He said Tehran was determined to continue reducing its commitments under the accord until it received protection against sanctions on its oil sales and banking transactions.

Iranian President Hassan Rouhani urged his people on Wednesday to unite to overcome Washington’s “economic war” while his government said it would use diplomacy to try to solve the standoff even though it distrusted Trump.

On Friday, the U.S. Treasury Department blacklisted the Iranian oil tanker Adrian Darya, with Secretary of State, Mike Pompeo, saying Washington had reliable information the vessel was headed to Syria, an ally of Tehran.

The ship was detained by Britain off Gibraltar in July due to suspicions it was carrying Iranian oil to Syria in violation of European Union sanctions.

It was released in mid-August after Iran gave assurances that its cargo was not destined for Syria.

Turkey said on Friday the ship was headed to Lebanese waters after changing course several times.

Beirut said it was not informed of the plan, but Turkey’s information suggested that a ship-to-ship transfer of cargo might be attempted once it nears the coast of Lebanon, which borders on Syria.

A senior Iranian military commander vowed that Iran would retaliate if any of its vessels was stopped in international waters, according to Fars news agency.

“Piracy against Iran can’t be easily overlooked.

“It is natural for us to act when Iranian ships are stopped in any part of the world’s waters.

“Iran’s armed forces will certainly retaliate,’’ Brigadier General Kiumars Heydari, the Head of Iran’s Regular Ground Forces, told Fars.




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U.S. strikes 2 targets in Syria in response to ‘continued attacks’



The U.S. military struck two facilities in eastern Syria used by Iran’s Islamic Revolutionary Guard Corps (IRGC) and Iran-affiliated groups in response to “continued attacks” against U.S. personnel in Iraq and Syria, the Pentagon said on Sunday.

The strikes were conducted against a training facility in Abu Kamal and a safe house in Mayadin in the eastern governorate of Deir Ezzor, U.S. Defense Secretary Lloyd Austin said in a brief statement.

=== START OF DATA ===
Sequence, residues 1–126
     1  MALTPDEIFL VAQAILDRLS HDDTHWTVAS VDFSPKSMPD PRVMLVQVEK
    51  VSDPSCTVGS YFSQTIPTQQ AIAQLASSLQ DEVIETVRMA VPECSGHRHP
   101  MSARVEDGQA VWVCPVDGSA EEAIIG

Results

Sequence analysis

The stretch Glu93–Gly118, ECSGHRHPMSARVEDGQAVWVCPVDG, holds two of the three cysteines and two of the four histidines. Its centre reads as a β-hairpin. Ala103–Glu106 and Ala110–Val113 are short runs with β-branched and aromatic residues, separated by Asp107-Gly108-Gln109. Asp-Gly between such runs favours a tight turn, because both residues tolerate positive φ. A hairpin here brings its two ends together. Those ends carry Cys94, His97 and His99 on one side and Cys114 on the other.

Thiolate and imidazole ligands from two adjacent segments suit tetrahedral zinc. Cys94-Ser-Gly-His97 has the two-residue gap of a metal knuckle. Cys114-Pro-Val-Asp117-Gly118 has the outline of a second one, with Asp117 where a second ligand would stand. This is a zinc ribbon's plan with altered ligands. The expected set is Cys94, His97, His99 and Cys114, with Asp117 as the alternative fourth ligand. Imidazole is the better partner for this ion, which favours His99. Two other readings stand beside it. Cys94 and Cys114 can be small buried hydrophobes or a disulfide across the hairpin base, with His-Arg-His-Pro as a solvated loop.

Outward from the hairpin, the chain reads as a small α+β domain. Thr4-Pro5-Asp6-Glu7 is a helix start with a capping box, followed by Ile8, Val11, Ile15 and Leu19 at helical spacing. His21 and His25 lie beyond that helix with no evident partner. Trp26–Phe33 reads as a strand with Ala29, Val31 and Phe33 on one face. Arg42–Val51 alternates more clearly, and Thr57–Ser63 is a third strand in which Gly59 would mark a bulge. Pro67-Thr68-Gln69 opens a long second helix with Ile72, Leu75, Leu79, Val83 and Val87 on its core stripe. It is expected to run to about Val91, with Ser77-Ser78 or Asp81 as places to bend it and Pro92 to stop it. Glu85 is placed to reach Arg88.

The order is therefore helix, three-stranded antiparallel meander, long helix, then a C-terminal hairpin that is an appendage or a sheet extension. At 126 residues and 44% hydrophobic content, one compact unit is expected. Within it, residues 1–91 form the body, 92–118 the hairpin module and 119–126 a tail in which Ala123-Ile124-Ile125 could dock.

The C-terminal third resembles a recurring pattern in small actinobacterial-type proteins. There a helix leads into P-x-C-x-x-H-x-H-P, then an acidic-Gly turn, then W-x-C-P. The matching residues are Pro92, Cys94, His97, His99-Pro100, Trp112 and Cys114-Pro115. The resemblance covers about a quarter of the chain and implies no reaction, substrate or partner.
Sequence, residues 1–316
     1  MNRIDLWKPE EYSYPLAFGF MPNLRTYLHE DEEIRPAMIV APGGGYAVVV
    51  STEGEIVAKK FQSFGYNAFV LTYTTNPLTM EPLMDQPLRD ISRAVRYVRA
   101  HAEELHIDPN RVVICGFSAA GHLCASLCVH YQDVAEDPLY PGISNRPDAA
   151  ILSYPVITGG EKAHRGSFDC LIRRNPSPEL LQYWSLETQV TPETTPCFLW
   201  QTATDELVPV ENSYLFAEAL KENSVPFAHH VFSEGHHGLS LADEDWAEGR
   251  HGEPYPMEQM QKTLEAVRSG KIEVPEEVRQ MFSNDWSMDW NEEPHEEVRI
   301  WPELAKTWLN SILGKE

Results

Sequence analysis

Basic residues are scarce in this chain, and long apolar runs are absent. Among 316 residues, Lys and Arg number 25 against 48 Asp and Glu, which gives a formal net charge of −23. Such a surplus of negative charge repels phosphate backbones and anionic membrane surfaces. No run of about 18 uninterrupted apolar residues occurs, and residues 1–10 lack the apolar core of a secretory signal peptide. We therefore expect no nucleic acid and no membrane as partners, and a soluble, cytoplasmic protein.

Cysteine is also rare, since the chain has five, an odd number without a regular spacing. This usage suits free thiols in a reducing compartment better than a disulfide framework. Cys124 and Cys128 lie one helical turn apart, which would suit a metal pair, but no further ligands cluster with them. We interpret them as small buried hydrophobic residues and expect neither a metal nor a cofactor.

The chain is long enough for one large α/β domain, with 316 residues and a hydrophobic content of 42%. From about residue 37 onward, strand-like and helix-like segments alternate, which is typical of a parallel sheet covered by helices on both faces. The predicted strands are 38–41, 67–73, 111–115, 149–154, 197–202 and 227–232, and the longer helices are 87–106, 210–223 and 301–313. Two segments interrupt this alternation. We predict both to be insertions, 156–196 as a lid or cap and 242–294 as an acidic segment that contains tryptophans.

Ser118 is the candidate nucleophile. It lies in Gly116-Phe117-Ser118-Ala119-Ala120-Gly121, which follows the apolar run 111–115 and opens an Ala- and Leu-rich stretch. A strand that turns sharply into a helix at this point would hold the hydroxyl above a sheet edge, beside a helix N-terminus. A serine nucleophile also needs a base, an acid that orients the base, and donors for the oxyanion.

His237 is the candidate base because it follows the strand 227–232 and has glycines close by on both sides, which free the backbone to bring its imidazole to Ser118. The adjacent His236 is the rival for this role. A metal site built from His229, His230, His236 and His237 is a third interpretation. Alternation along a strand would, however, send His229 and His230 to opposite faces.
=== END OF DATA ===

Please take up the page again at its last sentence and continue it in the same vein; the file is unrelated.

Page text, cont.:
The U.S. struck similar targets in eastern Syria in October and earlier in November.

Pro-Iranian militias have intensified their attacks on U.S. military bases in Syria and Iraq in recent weeks as a response to the Israeli military campaign in Gaza.

The security situation in the entire region has been particularly tense since Oct. 7, when Hamas militants staged deadly attacks in southern Israel.

Israel is responding with an overwhelming air and ground offensive in Gaza.

As a deterrent, the U.S. has moved more weapons systems, warships and air squadrons to the Eastern Mediterranean, and is deploying several hundred troops to the Middle East to support US units there.

U.S. President Joe Biden had ordered Sunday’s action to make it clear that the U.S. was defending itself, its personnel, and its interests, Austin stressed.

The U.S. is prepared to take further necessary measures to protect its own people and interests.

  • dpa
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Russia writes off $23bn debt for Africa – Putin



Russia sends almost 12m tons of grain to Africa says Putin

…Pledges additional $90 million***

Vladimir Putin, the Russian President, says the Russian Government has written off $23 billion debt burden of African countries.

Putin spoke at the plenary session of the ongoing second Russia–Africa Summit 2023 held from July 27 to July 28.

He said Moscow would allocate an additional $90 million for these purposes.

Putin said Russia was advocating the expansion of representation of African countries in the UN Security Council and other UN structures.

“Russia and Africa strive to develop cooperation in all areas and strengthen ‘honest, open, constructive’ partnership.